Gargantia began with a sci-fi bent and a cleverly written juxtaposition between new and old, and culture and utility, and it’s grown into a wonderful comparison between strife and life. Ledo remains confused by the concept of culture and the seemingly wasteful traditions of the fleet for which he’s become a feature. Approaching conflicts and situations with the logic of a war-honed soldier, he somehow navigates the cultural divide to strike a deal with Gargantia. The resulting chaos, involving pirates, repurposed submarines, and the terrifyingly overwhelming offense of Chamber drives home the image contrast between Space and Earth.
The interesting thing about this is that the political response is far more complex than ‘yay! Our pirates are dealt with!’ – the power vacuum this creates and all the trouble associated with it is brought into play immediately, even if it happens off-screen and our journey remains focused on Ledo and Amy. Left with time on his hands, Ledo must contend with what it means to be a part of a community. Of particular note here is the contrast between the culling of imperfect beings in the colony Ledo calls home and Amy’s kind, curious, but bed-ridden brother – also, Ledo’s confusion as to the point and purpose of contact is both endearing and informative.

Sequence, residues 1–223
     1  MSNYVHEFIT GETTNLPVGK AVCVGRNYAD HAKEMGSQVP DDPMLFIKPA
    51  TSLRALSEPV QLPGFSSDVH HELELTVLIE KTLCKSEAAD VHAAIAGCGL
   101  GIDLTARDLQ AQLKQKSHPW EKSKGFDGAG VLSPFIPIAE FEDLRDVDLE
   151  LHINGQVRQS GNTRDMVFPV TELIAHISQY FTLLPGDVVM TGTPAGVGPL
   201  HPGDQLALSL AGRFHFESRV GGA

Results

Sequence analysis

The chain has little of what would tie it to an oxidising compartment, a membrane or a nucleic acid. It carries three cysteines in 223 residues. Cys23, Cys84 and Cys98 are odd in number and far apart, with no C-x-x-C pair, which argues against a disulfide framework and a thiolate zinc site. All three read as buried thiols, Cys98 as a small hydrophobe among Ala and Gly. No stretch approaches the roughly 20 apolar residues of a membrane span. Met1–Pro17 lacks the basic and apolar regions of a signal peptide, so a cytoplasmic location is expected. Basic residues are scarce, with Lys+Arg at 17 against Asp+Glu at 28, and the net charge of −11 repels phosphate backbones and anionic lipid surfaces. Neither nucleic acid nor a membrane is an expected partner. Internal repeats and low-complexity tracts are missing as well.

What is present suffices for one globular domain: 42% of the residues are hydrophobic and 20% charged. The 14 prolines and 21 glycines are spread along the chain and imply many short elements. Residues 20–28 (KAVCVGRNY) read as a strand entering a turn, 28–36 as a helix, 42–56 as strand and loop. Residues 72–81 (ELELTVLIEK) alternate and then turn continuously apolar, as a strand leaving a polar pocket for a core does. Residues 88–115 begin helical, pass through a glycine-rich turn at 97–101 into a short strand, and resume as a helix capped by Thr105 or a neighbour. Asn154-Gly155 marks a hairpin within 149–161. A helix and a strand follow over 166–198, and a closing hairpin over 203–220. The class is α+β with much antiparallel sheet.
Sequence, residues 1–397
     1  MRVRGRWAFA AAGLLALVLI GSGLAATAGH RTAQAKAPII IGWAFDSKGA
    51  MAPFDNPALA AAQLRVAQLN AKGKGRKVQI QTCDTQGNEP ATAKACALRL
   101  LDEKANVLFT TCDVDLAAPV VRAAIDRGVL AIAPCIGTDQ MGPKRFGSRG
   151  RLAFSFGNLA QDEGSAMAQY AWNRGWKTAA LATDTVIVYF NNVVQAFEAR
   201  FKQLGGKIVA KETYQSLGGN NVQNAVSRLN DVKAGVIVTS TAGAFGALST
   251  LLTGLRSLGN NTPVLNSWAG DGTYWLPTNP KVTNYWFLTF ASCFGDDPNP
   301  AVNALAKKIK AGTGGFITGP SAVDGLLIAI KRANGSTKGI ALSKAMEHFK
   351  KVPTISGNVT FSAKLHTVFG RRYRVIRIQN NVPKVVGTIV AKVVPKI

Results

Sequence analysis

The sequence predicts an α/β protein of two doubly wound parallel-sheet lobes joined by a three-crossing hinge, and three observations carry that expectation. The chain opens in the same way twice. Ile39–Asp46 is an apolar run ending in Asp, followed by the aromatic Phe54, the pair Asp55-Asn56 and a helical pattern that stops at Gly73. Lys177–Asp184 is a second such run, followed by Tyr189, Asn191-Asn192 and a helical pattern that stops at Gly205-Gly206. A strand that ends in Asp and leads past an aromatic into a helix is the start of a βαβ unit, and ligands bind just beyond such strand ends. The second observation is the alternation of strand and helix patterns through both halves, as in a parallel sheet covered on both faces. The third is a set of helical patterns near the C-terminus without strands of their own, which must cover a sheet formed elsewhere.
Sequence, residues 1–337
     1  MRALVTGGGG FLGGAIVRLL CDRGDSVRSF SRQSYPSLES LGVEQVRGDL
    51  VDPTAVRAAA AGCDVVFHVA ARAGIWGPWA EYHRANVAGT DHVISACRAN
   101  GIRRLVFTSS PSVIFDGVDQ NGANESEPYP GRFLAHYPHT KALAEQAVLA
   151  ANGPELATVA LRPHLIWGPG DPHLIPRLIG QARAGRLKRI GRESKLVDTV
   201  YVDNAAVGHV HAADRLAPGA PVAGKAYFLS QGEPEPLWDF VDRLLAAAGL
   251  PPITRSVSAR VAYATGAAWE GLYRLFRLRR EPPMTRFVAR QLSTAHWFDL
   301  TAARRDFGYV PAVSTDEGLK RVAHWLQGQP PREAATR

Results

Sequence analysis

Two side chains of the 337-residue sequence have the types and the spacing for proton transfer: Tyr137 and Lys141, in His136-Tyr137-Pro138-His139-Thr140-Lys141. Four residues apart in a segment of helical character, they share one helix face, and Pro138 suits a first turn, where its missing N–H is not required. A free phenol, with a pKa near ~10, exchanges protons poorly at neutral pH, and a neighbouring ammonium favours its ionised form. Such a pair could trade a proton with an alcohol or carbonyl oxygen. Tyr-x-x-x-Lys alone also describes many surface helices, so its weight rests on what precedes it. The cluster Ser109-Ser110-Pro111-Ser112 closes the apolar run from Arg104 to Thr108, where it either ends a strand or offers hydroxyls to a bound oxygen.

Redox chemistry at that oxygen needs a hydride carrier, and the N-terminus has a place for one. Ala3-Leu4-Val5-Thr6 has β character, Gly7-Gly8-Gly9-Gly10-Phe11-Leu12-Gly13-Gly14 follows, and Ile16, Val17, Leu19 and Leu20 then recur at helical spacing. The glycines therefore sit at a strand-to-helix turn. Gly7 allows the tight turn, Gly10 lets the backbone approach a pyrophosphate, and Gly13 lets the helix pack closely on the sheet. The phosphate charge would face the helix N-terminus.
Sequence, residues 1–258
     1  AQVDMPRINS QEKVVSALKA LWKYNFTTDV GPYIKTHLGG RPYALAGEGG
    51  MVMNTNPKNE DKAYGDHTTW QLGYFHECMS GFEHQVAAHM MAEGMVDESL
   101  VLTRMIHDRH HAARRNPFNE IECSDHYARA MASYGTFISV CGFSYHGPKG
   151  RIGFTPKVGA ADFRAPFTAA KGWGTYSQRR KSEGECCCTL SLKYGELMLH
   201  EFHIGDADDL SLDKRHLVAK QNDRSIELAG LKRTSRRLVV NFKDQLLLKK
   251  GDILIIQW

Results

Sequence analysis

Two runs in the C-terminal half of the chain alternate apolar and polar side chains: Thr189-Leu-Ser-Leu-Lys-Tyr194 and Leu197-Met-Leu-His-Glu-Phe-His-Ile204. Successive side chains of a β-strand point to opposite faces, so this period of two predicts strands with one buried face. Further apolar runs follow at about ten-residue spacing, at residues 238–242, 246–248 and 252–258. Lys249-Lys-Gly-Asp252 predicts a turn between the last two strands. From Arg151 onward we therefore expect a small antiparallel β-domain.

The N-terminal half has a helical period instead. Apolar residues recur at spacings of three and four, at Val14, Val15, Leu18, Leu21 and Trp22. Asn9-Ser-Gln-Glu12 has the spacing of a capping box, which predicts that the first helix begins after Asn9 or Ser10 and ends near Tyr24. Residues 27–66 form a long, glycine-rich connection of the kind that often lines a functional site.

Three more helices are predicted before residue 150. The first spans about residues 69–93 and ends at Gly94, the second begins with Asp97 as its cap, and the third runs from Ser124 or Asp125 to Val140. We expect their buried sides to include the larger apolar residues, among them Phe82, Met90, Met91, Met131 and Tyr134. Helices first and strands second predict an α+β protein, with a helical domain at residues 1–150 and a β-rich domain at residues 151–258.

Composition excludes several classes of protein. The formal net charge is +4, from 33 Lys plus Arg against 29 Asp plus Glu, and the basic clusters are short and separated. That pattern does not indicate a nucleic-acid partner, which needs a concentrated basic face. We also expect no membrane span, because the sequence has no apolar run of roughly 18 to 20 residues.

The friendship between Ledo and Amy grows with each episode as they teach each other about their lives – Ledo is softened by Amy’s determined integration of the Space man and Amy’s curiosity is stoked by Ledo’s willful discussions. We learn about Earth and its many wandering fleets and electrical storms in tandem with Ledo’s much more sterile, brutal… and in the face of Gargantia’s culture, one might even say sterilized, background.
All in all, Gargantia has remained strong and continues to promise a fulfilling, enjoyable story full of thought-provoking contrast and entertaining escapades.